In the nearly three decades of MainStreet’s history in the United States, the National Trust MainStreet Center has identified eight essential guiding principles that local MainStreet organizations must embrace in order to be successful.


For successful, sustainable, long-term revitalization, a comprehensive approach, including activity in each of MainStreet’s Four Points (Organization, Design, Promotion, and Economic Positioning), is essential. A single focus — be it lavish public improvements, name-brand business recruitment, or endless promotional events — will not successfully revitalize a MainStreet district.


Improvements to downtown need to happen incrementally. While larger, catalytic projects can be important, successful revitalization programs begin with basic, simple activities that demonstrate that “new things are happening” in the commercial district. As public confidence grows and participants’ understanding of the revitalization process becomes more sophisticated, MainStreet is able to tackle complex problems and more ambitious projects. This incremental change leads to longer-lasting and more dramatic positive change in the MainStreet area.


No one else can save your MainStreet. Local leaders must have the will and desire to mobilize local resources and talent and work together to plan and implement projects and activities that improve the downtown area. While state and national experts can advise and guide local MainStreet programs, ultimately local residents, business and property owners, government officials, and other leaders must agree to work on Main Street and to do what is necessary to improve their downtown area.


Both the public and private sectors have a vital interest in the downtown district and must work together to achieve common goals of Main Street’s revitalization. Each sector has a role to play and must understand the other’s strengths and limitations in order to forge an effective partnership.


Every community has unique qualities like distinctive buildings, anchor businesses, and a human scale that gives people a sense of belonging. Business districts must recognize and capitalize on the assets that make them unique. Retaining and enhancing local assets must be the foundation for all aspects of the revitalization program.


MainStreet must emphasize quality in every aspect of the revitalization program. This applies to all elements of the process — from storefront designs to promotional campaigns to educational programs. Shoestring budgets and “cookie-cutter” efforts can send a negative image of the commercial district and the organization. Instead, successful programs identify a realistic scope of work for downtown and implement the highest quality projects possible.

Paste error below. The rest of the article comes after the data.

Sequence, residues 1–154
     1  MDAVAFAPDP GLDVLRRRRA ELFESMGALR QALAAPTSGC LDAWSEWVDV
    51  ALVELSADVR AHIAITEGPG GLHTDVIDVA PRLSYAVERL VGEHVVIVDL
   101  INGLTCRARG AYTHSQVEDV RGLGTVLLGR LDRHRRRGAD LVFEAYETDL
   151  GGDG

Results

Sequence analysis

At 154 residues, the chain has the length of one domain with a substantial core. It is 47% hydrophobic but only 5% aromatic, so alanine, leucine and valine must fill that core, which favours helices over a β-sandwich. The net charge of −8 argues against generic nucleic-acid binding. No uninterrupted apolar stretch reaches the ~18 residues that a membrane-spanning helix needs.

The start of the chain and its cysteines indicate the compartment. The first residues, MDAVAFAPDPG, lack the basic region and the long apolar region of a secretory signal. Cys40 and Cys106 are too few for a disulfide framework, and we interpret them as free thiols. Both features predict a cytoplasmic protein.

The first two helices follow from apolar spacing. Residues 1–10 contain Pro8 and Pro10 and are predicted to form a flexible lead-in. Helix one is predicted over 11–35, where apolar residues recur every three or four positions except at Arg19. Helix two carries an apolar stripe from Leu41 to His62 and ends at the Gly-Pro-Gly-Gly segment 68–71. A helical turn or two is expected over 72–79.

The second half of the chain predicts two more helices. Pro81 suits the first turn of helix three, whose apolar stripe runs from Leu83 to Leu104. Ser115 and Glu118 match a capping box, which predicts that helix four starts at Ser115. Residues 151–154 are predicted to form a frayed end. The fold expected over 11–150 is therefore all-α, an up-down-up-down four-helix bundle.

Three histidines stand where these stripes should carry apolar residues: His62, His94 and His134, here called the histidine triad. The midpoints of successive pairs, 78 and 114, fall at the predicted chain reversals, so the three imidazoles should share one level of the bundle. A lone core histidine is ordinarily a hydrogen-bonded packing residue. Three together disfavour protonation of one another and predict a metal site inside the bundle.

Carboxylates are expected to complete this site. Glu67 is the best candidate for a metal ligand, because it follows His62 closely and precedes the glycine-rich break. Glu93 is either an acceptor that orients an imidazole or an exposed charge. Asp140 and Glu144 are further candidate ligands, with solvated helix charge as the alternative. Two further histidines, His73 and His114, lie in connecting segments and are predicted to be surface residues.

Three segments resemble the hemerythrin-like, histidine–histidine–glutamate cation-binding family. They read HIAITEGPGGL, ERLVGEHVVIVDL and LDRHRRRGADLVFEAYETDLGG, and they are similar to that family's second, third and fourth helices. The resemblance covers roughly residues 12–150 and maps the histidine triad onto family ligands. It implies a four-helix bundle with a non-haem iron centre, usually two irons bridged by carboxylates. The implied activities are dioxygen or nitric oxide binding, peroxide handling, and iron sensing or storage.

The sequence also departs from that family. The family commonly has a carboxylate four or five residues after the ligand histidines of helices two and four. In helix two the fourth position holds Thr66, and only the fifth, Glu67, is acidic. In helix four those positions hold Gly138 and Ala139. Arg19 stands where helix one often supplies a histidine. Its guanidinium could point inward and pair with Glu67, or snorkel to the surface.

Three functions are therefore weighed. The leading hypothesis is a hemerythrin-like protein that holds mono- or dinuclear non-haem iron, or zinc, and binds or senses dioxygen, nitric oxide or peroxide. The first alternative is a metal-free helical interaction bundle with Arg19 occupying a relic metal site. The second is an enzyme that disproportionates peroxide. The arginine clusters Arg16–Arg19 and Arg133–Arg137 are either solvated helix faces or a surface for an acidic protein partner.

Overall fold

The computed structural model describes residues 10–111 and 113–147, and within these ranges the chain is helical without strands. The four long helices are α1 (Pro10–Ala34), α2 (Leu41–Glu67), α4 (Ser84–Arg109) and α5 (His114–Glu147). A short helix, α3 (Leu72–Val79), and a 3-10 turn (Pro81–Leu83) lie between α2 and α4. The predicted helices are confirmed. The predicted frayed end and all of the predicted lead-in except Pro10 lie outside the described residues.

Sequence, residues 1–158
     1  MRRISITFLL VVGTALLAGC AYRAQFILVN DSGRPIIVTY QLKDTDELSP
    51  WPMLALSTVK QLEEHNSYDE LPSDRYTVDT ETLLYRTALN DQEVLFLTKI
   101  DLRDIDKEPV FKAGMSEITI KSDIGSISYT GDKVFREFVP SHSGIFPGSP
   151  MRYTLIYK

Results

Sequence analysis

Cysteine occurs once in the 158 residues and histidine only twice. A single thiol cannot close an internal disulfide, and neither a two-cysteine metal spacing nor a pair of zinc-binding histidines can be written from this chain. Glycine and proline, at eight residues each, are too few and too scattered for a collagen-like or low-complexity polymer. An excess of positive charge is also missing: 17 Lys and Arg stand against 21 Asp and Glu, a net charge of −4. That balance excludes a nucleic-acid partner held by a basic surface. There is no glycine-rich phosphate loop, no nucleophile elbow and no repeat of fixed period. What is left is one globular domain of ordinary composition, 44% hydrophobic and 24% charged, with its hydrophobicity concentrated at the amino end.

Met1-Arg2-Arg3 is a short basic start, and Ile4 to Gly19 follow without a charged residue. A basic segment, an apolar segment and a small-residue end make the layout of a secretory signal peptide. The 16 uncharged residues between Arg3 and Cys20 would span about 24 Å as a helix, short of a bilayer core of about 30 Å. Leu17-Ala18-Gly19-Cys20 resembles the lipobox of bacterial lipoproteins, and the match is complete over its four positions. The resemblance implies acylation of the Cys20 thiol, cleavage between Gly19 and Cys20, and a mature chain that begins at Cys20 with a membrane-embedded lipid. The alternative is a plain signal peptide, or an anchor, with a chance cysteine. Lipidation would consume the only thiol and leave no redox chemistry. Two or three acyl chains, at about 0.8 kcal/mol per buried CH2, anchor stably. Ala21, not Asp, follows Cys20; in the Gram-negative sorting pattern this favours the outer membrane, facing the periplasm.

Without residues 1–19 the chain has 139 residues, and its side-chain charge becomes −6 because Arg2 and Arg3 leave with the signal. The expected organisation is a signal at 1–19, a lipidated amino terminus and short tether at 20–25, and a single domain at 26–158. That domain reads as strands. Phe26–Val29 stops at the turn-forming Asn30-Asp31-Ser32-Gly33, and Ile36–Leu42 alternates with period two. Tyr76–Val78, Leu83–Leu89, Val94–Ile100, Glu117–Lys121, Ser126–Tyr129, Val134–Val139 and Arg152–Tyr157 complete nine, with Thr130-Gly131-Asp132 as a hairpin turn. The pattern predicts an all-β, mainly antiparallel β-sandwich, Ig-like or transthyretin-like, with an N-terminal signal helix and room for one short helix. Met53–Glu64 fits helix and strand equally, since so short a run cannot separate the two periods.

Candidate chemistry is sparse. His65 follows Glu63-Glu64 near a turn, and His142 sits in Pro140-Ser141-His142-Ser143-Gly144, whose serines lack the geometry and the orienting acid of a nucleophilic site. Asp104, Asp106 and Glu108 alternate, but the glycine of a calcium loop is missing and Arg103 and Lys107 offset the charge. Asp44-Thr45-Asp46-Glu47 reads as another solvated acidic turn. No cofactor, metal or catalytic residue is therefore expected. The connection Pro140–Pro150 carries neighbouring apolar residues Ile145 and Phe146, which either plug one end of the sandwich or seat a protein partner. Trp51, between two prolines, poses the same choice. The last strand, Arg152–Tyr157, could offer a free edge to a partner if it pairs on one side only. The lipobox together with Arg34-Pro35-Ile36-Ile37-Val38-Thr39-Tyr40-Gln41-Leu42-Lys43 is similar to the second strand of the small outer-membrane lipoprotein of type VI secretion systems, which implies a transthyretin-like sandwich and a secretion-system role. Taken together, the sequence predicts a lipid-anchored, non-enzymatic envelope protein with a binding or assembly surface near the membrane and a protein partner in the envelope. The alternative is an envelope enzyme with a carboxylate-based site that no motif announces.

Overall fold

Communities that undertake a MainStreet program must want to change — change the physical environment, business practices, perceptions of downtown, and more. At first, almost no one believes Main Street can really turn around. Changes in attitude and practice are slow, but community support for change will build as the MainStreet program grows and consistently meets its goals. Eventually, business and property owners will enact improvements, and people will see downtown in a different light. A carefully-planned MainStreet program will help shift public perceptions and practices to support and sustain the revitalization process.


To succeed, MainStreet must show visible results that can only come from completing projects. Frequent, visible changes are a reminder that the revitalization effort is underway and succeeding. Small projects at the beginning of the program pave the way for larger ones as the revitalization effort matures. That constant level of revitalization activity creates confidence in the MainStreet organization and builds ever-greater levels of participation.

Leave a Reply

Your email address will not be published. Required fields are marked *